New Delhi: Will India return to the 9%-plus economic growth rate it witnessed in the boom years between 2005-06 and 2007-08? The country’s chief economic adviser thinks so and the finance minister is bullish, though not enough to predict a 9% number, but analysts say achieving that target this fiscal year will be difficult given the slowing in factory output and the fade-out of the base effect.
The government’s hopes seem to have been stoked by brisk economic growth between July and September.
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“Amid all the depressing news there is a good news... We may be confident that at the end of this year, the GDP (gross domestic product) growth will not be less than 8.7-8.75%... It may be more,” finance minister Pranab Mukherjee told reporters, soon after the Central Statistics Office (CSO) said in a statement that the Indian economy had expanded by 8.9% in the second quarter, beating market expectations.
Mukherjee’s reference to depressing news may have to do with the series of scams involving government and Congress party officials that have come to light in recent months, crippling Parliament, where no business has been done since the ongoing winter session began on 9 November.
Kaushik Basu, chief economic adviser to the finance ministry, said achieving 9% growth in the current fiscal is not impossible any more. “We are very close to that,” he said.
Growth in the second quarter (Q2) was driven by a robust recovery in the farm and services sectors. While agricultural growth was expectedly robust at 4.4%, on the back of a lower base and a normal monsoon, the services sector, especially “trade, hotels and transport”, registered a growth rate of 12.1% against 8.2% a year ago. Basu said if India can do well in business services, which grew at 8.3%, “then it is possible that we will break into 9% sooner than we expected”.
However, Citigroup India economists Rohini Malkani and Anushka Shah, in a research note, maintained their full-year growth estimate of 8.4%. “With the favourable base effect likely to fade in the coming months, we expect GDP to moderate in second half of FY11,” they said. The base effect refers to high growth arising from a low base for the corresponding period last year.
Industry was driven by robust manufacturing growth of 9.8% in Q2. “Industry growth is in line with expectations. However, prospects of slowdown remain in this sector,” said HDFC Bank Ltd chief economist Abheek Barua. In September, factory output unexpectedly slowed to 4.4%. Barua has revised his growth forecast for the current fiscal to 8.7-8.8%, from 8.4% earlier.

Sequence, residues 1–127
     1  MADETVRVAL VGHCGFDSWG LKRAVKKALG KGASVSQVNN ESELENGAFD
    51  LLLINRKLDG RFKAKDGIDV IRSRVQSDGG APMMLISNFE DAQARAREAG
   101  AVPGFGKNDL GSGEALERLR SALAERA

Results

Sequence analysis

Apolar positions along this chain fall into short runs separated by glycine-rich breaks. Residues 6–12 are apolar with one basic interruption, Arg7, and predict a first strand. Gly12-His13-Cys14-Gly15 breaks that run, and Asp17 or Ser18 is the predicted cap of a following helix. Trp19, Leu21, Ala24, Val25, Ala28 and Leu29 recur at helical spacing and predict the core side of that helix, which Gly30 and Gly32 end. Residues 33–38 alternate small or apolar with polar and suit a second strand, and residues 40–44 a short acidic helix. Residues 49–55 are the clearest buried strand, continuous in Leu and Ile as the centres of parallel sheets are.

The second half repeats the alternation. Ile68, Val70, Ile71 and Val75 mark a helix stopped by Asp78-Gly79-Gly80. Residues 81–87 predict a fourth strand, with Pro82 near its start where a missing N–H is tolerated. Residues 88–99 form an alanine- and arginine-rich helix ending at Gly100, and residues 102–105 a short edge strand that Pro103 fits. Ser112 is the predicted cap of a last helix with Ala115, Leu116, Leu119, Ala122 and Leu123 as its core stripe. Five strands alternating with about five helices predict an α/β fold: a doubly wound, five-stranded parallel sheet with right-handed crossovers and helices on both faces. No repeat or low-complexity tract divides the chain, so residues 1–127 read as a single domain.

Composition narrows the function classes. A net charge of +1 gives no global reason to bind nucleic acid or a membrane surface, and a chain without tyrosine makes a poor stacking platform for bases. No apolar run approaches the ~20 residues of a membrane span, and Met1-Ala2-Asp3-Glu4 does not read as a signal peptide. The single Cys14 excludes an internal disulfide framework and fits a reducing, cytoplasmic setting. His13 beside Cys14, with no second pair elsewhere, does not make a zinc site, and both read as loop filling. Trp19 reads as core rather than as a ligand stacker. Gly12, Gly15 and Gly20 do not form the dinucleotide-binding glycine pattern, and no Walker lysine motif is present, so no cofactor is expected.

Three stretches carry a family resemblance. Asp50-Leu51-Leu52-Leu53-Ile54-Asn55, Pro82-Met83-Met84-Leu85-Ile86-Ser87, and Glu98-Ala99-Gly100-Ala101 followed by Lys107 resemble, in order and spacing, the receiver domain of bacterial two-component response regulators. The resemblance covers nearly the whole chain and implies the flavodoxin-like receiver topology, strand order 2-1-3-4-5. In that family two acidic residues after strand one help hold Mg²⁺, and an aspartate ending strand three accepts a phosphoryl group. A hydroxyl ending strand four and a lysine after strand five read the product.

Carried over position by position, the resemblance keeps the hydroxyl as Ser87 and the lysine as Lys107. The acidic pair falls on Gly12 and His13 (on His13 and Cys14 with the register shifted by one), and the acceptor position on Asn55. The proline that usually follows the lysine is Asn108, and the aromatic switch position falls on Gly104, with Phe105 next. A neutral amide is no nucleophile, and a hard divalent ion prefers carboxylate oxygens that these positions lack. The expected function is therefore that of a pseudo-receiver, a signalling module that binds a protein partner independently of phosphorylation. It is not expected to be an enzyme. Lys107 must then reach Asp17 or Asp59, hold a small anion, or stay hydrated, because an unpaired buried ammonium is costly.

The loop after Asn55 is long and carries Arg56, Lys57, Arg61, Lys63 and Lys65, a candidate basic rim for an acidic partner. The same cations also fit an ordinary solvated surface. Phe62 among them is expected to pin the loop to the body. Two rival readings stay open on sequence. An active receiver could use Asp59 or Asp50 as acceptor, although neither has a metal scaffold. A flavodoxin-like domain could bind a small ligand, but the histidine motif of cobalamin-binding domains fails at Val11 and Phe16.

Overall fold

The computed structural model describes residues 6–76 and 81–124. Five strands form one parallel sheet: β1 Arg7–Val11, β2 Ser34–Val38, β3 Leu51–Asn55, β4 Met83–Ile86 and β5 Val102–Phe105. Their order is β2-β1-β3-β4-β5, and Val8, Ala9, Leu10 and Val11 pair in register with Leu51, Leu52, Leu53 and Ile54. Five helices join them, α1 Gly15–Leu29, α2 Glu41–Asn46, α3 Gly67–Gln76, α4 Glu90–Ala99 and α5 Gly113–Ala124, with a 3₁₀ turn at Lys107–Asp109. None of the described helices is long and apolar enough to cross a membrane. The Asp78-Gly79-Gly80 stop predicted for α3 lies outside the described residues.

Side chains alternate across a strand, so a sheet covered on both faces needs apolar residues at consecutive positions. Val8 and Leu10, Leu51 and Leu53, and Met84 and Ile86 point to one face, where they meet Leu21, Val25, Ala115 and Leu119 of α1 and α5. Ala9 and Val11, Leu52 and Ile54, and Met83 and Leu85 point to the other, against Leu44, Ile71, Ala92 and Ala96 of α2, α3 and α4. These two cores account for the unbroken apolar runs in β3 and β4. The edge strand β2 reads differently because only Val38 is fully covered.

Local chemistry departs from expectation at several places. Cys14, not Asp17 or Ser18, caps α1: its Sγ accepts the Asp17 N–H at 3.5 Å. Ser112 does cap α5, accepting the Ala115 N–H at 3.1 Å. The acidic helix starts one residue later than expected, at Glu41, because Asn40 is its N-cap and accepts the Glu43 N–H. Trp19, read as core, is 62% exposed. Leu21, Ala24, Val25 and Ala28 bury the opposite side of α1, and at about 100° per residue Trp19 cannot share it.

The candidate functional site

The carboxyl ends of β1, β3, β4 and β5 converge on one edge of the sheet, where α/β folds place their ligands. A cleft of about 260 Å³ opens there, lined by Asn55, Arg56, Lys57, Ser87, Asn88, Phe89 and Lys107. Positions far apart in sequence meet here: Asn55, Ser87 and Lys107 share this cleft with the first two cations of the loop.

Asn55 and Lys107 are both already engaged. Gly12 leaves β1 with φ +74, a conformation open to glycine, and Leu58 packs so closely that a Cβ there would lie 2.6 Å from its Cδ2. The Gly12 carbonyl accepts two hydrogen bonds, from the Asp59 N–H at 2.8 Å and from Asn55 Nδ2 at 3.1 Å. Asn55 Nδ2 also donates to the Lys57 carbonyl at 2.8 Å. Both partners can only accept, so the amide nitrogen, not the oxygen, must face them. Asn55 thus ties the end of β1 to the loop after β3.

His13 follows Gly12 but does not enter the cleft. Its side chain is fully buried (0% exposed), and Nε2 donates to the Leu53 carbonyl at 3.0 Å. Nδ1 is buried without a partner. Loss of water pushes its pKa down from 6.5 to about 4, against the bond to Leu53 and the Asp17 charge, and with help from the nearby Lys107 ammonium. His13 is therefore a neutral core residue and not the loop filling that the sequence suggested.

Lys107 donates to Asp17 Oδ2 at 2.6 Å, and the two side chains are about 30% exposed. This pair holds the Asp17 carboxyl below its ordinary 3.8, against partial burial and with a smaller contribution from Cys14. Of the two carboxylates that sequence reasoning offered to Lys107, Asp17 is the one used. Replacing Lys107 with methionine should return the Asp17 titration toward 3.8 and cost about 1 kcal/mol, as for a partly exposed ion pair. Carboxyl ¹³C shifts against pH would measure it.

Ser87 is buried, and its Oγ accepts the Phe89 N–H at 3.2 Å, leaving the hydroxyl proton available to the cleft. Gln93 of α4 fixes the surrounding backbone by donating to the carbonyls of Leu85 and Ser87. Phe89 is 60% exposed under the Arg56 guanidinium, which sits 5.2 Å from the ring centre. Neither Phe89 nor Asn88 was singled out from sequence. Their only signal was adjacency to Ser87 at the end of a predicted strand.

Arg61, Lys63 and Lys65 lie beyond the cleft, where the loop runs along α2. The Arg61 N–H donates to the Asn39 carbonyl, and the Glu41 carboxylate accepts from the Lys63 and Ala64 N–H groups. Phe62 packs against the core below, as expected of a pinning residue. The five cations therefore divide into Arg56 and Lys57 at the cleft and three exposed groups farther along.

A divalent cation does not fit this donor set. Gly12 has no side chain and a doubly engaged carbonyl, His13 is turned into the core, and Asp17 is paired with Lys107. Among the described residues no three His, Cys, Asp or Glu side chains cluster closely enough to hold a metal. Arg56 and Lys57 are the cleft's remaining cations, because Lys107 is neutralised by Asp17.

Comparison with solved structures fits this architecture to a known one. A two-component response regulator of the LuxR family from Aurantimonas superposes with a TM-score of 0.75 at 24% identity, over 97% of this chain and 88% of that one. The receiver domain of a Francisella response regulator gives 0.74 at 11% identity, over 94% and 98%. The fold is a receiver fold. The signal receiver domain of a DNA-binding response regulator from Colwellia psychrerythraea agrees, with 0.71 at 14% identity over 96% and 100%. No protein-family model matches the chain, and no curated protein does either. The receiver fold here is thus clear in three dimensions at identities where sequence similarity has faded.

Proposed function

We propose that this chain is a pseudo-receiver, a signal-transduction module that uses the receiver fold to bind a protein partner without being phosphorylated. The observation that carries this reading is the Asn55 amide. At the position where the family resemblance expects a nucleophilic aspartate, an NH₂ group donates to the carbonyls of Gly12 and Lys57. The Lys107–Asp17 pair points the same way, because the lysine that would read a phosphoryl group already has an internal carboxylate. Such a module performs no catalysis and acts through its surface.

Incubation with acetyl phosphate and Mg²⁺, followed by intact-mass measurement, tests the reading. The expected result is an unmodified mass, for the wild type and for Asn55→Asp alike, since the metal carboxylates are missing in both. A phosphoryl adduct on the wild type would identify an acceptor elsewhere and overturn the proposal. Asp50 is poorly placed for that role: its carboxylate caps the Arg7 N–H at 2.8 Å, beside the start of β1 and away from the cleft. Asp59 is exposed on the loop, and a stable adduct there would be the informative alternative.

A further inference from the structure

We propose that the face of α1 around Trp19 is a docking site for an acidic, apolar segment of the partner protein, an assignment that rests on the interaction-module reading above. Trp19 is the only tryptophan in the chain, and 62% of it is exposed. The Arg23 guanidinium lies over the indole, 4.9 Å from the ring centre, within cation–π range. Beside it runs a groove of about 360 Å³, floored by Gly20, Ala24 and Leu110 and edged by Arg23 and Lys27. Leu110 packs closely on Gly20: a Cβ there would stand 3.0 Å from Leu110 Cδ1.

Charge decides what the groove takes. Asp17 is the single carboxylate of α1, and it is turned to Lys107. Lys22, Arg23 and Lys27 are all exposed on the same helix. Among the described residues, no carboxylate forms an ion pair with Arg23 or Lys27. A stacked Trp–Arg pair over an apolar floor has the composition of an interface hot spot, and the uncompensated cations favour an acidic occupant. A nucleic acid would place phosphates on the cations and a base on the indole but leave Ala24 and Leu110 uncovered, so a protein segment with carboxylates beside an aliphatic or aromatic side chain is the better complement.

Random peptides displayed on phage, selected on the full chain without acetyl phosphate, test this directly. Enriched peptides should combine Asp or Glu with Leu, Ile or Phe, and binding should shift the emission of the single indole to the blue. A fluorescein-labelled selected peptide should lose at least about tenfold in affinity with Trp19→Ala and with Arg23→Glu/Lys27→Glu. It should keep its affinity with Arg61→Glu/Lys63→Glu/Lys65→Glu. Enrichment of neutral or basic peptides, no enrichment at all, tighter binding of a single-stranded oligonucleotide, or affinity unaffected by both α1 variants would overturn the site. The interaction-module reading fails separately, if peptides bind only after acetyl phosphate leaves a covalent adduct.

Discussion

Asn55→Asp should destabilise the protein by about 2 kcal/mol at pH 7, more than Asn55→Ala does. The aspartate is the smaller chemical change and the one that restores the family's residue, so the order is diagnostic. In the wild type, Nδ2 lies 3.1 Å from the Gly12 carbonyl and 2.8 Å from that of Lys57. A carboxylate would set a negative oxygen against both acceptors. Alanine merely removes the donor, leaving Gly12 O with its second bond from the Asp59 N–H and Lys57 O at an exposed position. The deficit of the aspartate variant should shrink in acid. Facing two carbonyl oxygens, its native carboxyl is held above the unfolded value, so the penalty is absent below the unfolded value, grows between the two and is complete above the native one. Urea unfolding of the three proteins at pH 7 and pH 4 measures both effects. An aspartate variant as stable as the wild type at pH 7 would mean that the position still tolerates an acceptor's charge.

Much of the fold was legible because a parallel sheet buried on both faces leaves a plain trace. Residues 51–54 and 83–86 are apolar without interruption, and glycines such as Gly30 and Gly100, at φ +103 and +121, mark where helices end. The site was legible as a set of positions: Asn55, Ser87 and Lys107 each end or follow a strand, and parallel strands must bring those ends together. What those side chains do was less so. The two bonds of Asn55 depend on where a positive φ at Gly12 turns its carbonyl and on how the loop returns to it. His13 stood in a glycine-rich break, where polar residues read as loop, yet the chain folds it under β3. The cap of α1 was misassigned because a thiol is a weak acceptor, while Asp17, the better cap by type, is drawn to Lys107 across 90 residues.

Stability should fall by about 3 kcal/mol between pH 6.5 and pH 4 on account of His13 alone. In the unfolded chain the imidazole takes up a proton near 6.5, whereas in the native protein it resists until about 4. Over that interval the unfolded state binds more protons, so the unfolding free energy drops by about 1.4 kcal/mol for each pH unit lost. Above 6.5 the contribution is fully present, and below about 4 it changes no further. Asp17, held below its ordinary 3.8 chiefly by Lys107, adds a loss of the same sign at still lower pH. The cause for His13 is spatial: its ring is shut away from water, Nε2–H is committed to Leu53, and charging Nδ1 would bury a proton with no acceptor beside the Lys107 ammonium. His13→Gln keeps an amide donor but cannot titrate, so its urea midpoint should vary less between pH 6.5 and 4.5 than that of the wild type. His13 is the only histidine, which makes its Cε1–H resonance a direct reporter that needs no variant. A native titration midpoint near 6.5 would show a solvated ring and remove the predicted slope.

The expenditure side data showed strong investment demand and rising household consumption supporting growth. While investment demand grew at 11.08% in Q2, compared with 4% a year ago, private consumption demand revived, growing at 9.28% as against 7.84% in the previous year.
“While the investment demand growth is better than the pre-crisis average (2005-September 2008) of 9%, private consumption demand is closer to the pre-crisis average of 15% for the same period,” said Samiran Chakraborty, head of India research at Standard Chartered Bank Ltd. “This shows we are back to some kind of trend growth in consumption and investment.”
However, Chakraborty said growth in the second half will be lower than the 8.9% average in the first half due to slowdown in factory output growth. “To what extent the slowdown will be counter-balanced by farm and services sector is a question mark. Though we will not repeat 8.9% growth in the second half, it will not collapse,” he said.
Economists said they do not expect the central bank to raise lending rates anytime soon.
Barua said the Reserve Bank of India (RBI) will be on hold till January as the liquidity situation is very tight.
“Over the next few months if growth momentum continues and inflation slows, RBI may pause for a relatively longer period of time,” Chakraborty said.
“With inflation likely to be a bit sticky, we maintain our view of RBI likely to hike rates by around 75 basis points during the course of 2011, taking the repo/reverse repo rate to 7/6%, respectively,” said the Citigroup India report.
Repo rate is the rate at which RBI lends to banks and reverse repo rate is the rate at which it absorbs surplus liquidity from the banks.
The growth momentum was reaffirmed with the government revising growth rate for 2009-10 to 7.7%, from 7.4% estimated earlier. Growth estimates for previous quarters were also revised upwards by CSO.
This is on account of “using the new series of Wholesale Price Index with base 2004-05, and also subsequent revision in Index of Industrial Production from April 2008,” CSO said.
PTI contributed to this story.